Hail, Bards of mightier grasp! on you
I chiefly call, the chosen Few,

Who cast not off the acknowledged guide,
Who faltered not, nor turned aside;
Whose lofty Genius could survive
Privation, under sorrow thrive;
In whom the fiery Muse revered
The symbol of a snow-white beard,
Bedewed with meditative tears
Dropped from the lenient cloud of years.

Brothers in Soul! though distant times
Produced you, nursed in various climes,
Ye, when the orb of life had waned,
A plenitude of love retained;
Hence, while in you each sad regret
By corresponding hope was met,
Ye lingered among human kind,
Sweet voices for the passing wind;
Departing sunbeams, loth to stop,
Though smiling on the last hill top!

Such to the tender-hearted Maid
Even ere her joys begin to fade;
Such, haply, to the rugged Chief
By Fortune crushed, or tamed by grief,
Appears, on Morven's lonely shore,
Dim-gleaming through imperfect lore,

"The melancholy gates of Death

Respond with sympathetic motion; "Though all that feeds on nether air, "Howe'er magnificent or fair, "Grows but to perish, and intrust "Its ruins to their kindred dust;

"Yet, by the Almighty's ever-during care,


Her procreant vigils Nature keeps "Amid the unfathomable deeps;

The Son of Fingal; such was blind
Mæonides of ampler mind;
Such Milton, to the fountain head
Of Glory by Urania led!


"Rerum Natura tota est nusquam magis quam in minimis." Plin. Nat. Hist.


BENEATH the concave of an April sky,

When all the fields with freshest green were dight,
Appeared, in presence of that spiritual eye
That aids or supersedes our grosser sight,
The form and rich habiliments of One

Whose countenance bore resemblance to the sun,
When it reveals, in evening majesty,
Features half lost amid their own pure light.

Poised like a weary cloud, in middle air

He hung, then floated with angelic ease
(Softening that bright effulgence by degrees)
Till he had reached a summit sharp and bare,
Where oft the venturous heifer drinks the noon-tide


Upon the apex of that lofty cone

Alighted, there the Stranger stood alone;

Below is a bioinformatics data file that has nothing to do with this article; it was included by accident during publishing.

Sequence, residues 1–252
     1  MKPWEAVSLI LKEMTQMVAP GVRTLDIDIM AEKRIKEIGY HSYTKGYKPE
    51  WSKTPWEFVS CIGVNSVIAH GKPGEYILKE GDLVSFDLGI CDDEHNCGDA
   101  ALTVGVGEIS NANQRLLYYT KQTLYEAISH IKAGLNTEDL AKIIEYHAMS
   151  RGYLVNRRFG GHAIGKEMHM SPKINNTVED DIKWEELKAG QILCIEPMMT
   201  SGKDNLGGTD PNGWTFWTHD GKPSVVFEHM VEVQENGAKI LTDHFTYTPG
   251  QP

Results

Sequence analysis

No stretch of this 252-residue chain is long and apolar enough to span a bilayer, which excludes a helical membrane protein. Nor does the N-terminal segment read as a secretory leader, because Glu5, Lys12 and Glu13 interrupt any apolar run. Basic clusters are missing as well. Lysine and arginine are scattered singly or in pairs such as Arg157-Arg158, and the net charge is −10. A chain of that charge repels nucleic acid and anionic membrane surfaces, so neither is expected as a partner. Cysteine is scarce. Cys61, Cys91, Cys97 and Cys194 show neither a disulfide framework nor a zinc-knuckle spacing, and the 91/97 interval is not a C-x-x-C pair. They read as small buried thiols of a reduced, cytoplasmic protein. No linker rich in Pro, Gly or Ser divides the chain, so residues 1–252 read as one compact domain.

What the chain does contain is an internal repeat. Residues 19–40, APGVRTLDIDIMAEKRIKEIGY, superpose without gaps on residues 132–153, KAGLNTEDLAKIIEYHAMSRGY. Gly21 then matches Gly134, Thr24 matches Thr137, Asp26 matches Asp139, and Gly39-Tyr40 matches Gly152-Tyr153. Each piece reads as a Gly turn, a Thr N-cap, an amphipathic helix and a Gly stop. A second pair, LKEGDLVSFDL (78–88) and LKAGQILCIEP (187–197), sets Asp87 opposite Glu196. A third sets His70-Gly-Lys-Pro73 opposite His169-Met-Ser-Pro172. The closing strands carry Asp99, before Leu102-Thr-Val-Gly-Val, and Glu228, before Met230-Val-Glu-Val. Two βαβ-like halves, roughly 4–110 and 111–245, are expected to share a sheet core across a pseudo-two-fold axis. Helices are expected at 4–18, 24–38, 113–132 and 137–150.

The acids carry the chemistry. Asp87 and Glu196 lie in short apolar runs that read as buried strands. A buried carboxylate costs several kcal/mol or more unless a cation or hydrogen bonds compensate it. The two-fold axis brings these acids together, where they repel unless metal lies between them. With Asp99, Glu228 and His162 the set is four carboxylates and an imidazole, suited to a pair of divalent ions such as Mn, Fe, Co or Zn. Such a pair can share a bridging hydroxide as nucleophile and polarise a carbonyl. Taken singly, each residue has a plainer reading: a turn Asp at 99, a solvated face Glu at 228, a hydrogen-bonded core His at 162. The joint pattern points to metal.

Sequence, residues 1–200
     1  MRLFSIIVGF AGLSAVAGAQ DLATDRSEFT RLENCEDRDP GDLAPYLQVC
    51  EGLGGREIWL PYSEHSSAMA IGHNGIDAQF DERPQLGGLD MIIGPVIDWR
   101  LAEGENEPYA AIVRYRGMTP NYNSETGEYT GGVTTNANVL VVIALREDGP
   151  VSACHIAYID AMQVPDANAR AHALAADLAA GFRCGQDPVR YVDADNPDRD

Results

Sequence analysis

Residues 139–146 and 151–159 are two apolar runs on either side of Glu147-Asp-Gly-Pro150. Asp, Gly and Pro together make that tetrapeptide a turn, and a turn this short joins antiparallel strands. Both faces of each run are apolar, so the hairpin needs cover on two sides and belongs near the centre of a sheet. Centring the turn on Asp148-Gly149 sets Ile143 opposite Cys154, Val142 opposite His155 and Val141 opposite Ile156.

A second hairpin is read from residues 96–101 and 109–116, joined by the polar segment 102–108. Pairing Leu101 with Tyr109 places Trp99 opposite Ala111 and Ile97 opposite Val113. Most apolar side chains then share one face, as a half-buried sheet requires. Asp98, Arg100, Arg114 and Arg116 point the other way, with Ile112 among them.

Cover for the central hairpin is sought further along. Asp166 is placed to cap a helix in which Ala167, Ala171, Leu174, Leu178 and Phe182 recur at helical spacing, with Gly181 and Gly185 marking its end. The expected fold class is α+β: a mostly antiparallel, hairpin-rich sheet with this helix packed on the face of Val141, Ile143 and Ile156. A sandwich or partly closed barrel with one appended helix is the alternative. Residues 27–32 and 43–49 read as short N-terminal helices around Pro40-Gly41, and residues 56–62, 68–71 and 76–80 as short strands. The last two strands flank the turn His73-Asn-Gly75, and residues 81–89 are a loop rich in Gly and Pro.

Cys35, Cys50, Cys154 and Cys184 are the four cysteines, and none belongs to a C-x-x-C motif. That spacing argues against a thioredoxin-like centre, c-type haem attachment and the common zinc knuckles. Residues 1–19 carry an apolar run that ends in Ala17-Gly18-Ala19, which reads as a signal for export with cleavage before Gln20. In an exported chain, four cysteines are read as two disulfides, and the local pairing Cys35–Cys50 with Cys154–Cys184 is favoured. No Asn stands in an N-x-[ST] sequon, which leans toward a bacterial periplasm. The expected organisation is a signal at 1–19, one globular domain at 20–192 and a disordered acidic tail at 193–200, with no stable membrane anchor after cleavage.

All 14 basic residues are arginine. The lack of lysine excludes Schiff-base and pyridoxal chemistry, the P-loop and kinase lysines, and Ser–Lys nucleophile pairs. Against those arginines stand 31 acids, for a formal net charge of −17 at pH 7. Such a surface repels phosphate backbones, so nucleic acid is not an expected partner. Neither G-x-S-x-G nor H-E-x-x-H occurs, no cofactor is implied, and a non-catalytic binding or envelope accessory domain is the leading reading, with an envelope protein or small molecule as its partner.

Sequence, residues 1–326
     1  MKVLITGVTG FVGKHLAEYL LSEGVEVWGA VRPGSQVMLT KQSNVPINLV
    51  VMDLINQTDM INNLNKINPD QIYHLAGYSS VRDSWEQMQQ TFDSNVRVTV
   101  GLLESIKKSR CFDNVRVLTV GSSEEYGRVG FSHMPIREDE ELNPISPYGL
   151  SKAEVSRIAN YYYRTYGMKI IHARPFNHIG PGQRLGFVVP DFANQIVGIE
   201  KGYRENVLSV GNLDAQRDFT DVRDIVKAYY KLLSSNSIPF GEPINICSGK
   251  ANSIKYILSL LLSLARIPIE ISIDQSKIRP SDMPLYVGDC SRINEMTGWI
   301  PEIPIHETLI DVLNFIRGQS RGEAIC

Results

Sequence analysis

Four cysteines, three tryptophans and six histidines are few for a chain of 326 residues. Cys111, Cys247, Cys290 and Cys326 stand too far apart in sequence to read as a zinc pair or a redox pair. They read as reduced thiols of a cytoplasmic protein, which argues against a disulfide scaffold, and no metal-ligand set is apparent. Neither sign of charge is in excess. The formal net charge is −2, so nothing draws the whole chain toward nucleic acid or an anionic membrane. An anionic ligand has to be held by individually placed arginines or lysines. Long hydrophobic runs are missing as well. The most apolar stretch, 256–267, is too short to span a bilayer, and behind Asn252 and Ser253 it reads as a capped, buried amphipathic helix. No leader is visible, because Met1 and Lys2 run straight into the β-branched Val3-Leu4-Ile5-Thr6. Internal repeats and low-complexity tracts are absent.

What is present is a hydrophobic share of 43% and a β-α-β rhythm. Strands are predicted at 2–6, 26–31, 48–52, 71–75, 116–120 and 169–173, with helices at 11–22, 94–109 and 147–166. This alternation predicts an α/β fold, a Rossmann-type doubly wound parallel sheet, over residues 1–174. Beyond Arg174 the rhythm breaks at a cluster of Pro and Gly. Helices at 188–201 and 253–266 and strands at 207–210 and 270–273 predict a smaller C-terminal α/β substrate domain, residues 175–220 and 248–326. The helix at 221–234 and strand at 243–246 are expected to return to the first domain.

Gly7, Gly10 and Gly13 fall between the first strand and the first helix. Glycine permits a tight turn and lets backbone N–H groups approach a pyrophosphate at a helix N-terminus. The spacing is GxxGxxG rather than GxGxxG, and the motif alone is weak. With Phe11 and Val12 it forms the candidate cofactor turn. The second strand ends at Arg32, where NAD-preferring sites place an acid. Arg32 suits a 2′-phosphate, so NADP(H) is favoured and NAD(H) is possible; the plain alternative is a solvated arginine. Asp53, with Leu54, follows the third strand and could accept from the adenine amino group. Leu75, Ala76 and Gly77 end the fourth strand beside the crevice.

Fair as a gorgeous Fabric of the East
Suddenly raised by some Enchanter's power,
Where nothing was; and firm as some old Tower
Of Britain's realm, whose leafy crest
Waves high, embellished by a gleaming shower!

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O, nursed at happy distance from the cares
Of a too-anxious world, mild pastoral Muse!
That, to the sparkling crown Urania wears,
And to her sister Clio's laurel wreath,
Prefer'st a garland culled from purple heath,
Or blooming thicket moist with morning dews;
Was such bright Spectacle vouchsafed to me
And was it granted to the simple ear
Of thy contented Votary
Such melody to hear!

Him rather suits it, side by side with thee,
Wrapped in a fit of pleasing indolence,
While thy tired lute hangs on the hawthorn tree
To lie and listen, till o'er-drowsed sense
Sinks, hardly conscious of the influence,
To the soft murmur of the vagrant Bee.
-A slender sound! yet hoary Time
Doth to the Soul exalt it with the chime
Of all his years;·
a company
Of ages coming, ages gone;
(Nations from before them sweeping,
Regions in destruction steeping,)
But every awful note in unison
With that faint utterance, which tells
Of treasure sucked from buds and bells,
For the pure keeping of those waxen cells;
Where She, a statist prudent to confer
Upon the public weal; a warrior bold,
Radiant all over with unburnished gold,
And armed with living spear for mortal fight.
A cunning forager